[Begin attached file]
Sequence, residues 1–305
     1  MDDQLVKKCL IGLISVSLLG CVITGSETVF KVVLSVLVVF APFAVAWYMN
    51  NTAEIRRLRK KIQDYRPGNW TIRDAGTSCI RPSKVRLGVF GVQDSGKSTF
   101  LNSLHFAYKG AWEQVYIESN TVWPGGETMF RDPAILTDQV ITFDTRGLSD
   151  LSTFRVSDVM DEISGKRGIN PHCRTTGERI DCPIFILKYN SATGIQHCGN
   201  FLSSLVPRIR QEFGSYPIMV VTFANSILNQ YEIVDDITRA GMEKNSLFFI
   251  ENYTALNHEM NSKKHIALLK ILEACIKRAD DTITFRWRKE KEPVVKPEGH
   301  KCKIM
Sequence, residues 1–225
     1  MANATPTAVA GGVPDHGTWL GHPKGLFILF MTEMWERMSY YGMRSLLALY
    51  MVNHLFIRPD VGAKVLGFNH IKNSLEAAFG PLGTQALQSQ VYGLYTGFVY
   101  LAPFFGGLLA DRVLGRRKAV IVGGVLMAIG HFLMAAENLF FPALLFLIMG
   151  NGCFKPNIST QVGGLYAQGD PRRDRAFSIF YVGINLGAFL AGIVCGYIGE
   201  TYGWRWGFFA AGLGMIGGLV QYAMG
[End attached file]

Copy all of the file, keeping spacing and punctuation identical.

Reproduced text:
Sequence, residues 1–305
     1  MDDQLVKKCL IGLISVSLLG CVITGSETVF KVVLSVLVVF APFAVAWYMN
    51  NTAEIRRLRK KIQDYRPGNW TIRDAGTSCI RPSKVRLGVF GVQDSGKSTF
   101  LNSLHFAYKG AWEQVYIESN TVWPGGETMF RDPAILTDQV ITFDTRGLSD
   151  LSTFRVSDVM DEISGKRGIN PHCRTTGERI DCPIFILKYN SATGIQHCGN
   201  FLSSLVPRIR QEFGSYPIMV VTFANSILNQ YEIVDDITRA GMEKNSLFFI
   251  ENYTALNHEM NSKKHIALLK ILEACIKRAD DTITFRWRKE KEPVVKPEGH
   301  KCKIM
Sequence, residues 1–225
     1  MANATPTAVA GGVPDHGTWL GHPKGLFILF MTEMWERMSY YGMRSLLALY
    51  MVNHLFIRPD VGAKVLGFNH IKNSLEAAFG PLGTQALQSQ VYGLYTGFVY
   101  LAPFFGGLLA DRVLGRRKAV IVGGVLMAIG HFLMAAENLF FPALLFLIMG
   151  NGCFKPNIST QVGGLYAQGD PRRDRAFSIF YVGINLGAFL AGIVCGYIGE
   201  TYGWRWGFFA AGLGMIGGLV QYAMG